Professors Sandra Simpkins & Jacquelynne Eccles Awarded NSF Grant to Study Family Support of Math & Science for Diverse High School Students
Professors Sandra Simpkins and Jacquelynne Eccles have been awarded a new National Science Foundation grant: "Family Support of Math and Science: Examining an Untapped Source of Resilience for Diverse High School Students." The $979K grant will start October 1 and end September 30, 2021.
High school is a critical turning point in many students' STEM coursework and career trajectories. For example, students' math motivation peaks in high school yet 45% of 10th graders who express interest in pursuing a STEM career lose that interest by the end of high school. Adolescents with minimal math and science high school coursework are extremely unlikely to either try or be able to enter STEM college majors and careers. To change these trends, it is necessary to understand how best to support high school students in math and science. Moreover, to increase the diversity of the nation's STEM workforce, it is important to understand whether motivational processes work differently for youth who reside at the intersections of demographic characteristics such as gender, race and social class. The current body of research on social factors that contribute to high school students' STEM motivation is largely based on studies of Caucasian families.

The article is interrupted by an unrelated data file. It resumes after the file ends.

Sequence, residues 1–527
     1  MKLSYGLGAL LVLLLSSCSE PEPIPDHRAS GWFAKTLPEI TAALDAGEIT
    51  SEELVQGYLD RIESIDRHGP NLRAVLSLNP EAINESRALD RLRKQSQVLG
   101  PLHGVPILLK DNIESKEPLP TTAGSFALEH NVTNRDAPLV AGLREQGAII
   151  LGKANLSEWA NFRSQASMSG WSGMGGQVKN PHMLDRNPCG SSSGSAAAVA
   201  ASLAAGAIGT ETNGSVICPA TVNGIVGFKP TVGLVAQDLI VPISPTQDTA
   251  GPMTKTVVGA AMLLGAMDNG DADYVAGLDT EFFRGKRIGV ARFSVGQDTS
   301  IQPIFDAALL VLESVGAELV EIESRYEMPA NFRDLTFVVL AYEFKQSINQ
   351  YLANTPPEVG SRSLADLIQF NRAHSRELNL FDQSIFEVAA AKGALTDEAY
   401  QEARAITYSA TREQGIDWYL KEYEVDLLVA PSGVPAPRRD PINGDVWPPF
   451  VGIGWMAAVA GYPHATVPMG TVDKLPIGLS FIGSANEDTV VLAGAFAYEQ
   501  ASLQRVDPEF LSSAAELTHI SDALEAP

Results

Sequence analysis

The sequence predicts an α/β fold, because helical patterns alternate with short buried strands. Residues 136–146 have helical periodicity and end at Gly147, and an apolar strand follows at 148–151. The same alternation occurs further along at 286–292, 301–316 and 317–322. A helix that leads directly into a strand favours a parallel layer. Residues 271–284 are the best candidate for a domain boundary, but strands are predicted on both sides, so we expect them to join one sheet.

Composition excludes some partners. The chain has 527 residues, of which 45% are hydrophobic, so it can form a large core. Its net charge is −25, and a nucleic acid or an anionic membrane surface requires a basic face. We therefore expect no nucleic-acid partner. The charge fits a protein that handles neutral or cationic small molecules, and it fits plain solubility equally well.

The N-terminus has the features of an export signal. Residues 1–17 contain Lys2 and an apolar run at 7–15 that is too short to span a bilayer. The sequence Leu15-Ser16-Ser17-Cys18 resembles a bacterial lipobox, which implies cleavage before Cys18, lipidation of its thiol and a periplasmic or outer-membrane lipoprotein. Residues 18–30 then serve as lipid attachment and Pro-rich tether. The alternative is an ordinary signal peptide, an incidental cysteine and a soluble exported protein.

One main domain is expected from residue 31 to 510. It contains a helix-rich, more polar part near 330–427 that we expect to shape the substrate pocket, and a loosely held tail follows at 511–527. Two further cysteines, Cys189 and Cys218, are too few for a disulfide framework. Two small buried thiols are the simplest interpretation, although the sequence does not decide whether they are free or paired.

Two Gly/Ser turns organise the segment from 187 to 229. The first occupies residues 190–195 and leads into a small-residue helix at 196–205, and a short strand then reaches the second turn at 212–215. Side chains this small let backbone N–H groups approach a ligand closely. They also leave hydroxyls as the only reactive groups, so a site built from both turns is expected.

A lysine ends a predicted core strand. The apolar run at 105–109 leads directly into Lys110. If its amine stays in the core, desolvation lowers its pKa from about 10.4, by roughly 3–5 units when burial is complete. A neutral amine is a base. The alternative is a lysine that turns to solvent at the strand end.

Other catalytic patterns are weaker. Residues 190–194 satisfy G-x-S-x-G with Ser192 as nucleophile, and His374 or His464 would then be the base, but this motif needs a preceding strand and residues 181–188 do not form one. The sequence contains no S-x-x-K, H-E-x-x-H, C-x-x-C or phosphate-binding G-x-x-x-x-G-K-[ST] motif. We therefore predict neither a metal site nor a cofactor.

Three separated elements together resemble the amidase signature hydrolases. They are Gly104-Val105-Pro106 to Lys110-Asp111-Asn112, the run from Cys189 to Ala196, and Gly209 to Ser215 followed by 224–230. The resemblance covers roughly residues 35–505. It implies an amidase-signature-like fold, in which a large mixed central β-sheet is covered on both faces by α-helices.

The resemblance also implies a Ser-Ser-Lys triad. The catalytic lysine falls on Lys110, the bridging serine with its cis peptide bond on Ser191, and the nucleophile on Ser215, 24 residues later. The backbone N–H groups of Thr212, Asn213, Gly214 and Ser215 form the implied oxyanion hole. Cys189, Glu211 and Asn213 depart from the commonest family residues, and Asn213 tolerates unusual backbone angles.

Drawing from expectancy-value motivational theory, social positioning theories and feminist intersectionality theory, this project has five aims that center around understanding the role that parents play in students' STEM trajectories. Family support matters because it has been recognized as an important factor in maintaining student interest. To achieve its aims, the project team will analyze four waves of data from the High School Longitudinal Study (HSLS). The HSLS includes a nationally representative sample of 21,444 9th graders. It offers a large, rich sample to study intersectionality as defined by students' simultaneous status on multiple demographic indicators. The data includes longitudinal multi-reporter information on student motivation, outcomes, and parent support in math and science. Students' trajectories will be traced at 9th grade, 11th grade, the fall immediately after high school graduation, and 3 years after high school. The role of other socializing factors such as school and peer experiences are also examined.
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